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Compared to other cities, Brussels has been “spared” from a centralized, large-scale process of neoliberal urban development, partly because of the involuntary obstruction caused by its complex constitution and identity. But today we seem to be heading for deep water. With other cities becoming saturated and the artistic scene in Brussels attracting large numbers of people and considerable attention, the city hall is searching for a way to put Brussels on the international map, mimicking other cities’ narratives, which are mainly based on tourism, comfort, and control. (How) can Brussels hold on to and use its elusive locality? This brings us to the swamp, the concrete and geological base upon which Brussel/Bruxelles (etymological origin: Broekzele—broek = “marsh” + zele = “thatching, settlement”) is built.

Can the swamp, both geographically and metaphorically, help us to analyze the political complexity and the ways in which this is becoming more and more repressed? Could we deploy our idea of the swamp as toxic and draining—an intensification of complexity, contingency, or liquidity—as a tool of resilience to obstruct centralized gentrification and neoliberal city developments? Can the swamp be used as a productive field of interpretation for imagining different heterotopic and symbiotic futures? Or are we, in fact, ourselves gentrifying and exploiting (the idea of) the swamp by appropriating and romanticizing it? During this informal swamp gathering, both lecturers and audience participated on a floor piece created by artist Naïmé Perrette to collectively sink into the underground and touch upon the different layers of the swamp.

Researcher and activist Rozalinda Borcila (US) joined via Skype to talk about her experiences and research in both Miami and Chicago on the capitalization of the swamp and the consequences this has for the indigenous population. Philosopher Kristupas Sabolius talked about the swamp as a milieu providing a framework for imagining alternative futures, as opposed to the utopian fantasies of islands, and focused on the wetlands of Venice. Finally, the gathering concentrated on the geographical history of the Brussels wetlands, as well as the present situation and its intertwinement with the political constitution, with contributions from artists and researchers, each representing a different angle, approach, and discipline.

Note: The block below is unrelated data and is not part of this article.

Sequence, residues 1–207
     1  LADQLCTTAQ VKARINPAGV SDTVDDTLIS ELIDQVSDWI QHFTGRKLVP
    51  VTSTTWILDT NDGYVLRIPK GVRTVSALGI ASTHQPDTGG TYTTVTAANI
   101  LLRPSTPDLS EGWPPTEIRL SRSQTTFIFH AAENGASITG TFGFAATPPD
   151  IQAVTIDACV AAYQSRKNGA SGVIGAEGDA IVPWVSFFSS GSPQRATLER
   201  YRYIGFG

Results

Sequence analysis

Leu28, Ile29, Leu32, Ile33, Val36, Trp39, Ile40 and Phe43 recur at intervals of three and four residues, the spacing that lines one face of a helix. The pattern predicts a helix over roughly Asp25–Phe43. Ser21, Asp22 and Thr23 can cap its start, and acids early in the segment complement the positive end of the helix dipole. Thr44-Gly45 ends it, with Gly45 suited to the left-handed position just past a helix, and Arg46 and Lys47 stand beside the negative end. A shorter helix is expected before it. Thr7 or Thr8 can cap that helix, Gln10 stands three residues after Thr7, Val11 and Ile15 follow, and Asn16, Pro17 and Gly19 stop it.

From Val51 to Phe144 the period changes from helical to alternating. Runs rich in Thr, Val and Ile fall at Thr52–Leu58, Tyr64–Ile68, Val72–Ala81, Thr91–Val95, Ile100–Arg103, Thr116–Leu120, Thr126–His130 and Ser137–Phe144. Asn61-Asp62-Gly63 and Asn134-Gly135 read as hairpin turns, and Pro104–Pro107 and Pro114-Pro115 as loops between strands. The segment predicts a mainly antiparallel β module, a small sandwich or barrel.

Ingrid Vranken (FoAM), Sepideh Ardalani (Massia Officinale), and Mihaela Brebenel (Winchester School of Art) explored possible ways of relating to the swamp from feminist, postcolonial, and botanical perspectives. They shared a recipe for a potion that allows us to communicate with the spirit of the swamp. Its ingredients and cooking instructions guide us through the temporality of the swamp, its unmappable territory and the swamp’s ability to challenge binary thinking. Philosopher Thomas Decreus related the swamp to anarchist approaches. Kobe Mathys and Christophe Piette drew on the experience gained in their collective Zenne Garden in Anderlecht. Sofie Van Bruystegem of City Mine(d) provided insights into her project Eggevoort Friche, focusing both on collective water experiments at the foot of the European Parliament, which depicts the city’s political complexity and the hierarchy of governmental levels in a concrete manner, and on the difficulties the metaphor of the wetlands entails—also for artistic and activist practices. Finally, Fabio Vanin and Marco Ranzato (Latitude) addressed the revaluation and physical reconstitution of the water in Brussels. This debate often occurs in a romantic context based on the idea of making the water visible again as a tool for making the city more likeable and gentler. They addressed this issue from a social perspective: What would “showing the water” in the lower parts of Brussels entail in symbolic/social/political terms?
Guy Gypens (director Kaaitheater) hosted the gathering.


The video and essay Underlying are part of Rozalinda Borcilă’s experimental art research that explores the governance of climate change and rising sea levels in Miami. They are based on a seminar that coupled discursive pathways with field trips or “learning walks”—a situated, embodied, and relational modality—to consider how the financial logic of “climate resiliency” is connected with enduring histories of racialization and the ongoing process of inscribing settler colonial jurisdictions on native (wet)lands. The text describes some of the analytical and theoretical explorations that took place in the seminar, while the video offers a glimpse of the embodied part of the research by documenting a few group field trips charting a pathway from west to east, between the ocean and the hemmed-in wetlands—from the infrastructures of informational networks to hydraulic pumps against saltwater intrusion, sites of public “Indianness,” logistics zones, limestone mines, and prisons. In Underlying, Borcila will interweave the theoretical and embodied modalities to offer a glimpse of an emerging analytics.

underlying, a dérive-ative: sea rise and settler futurities is part of the ongoing interventions which take place from Oct 9 till Oct 13 2018 in the framework of the new local.

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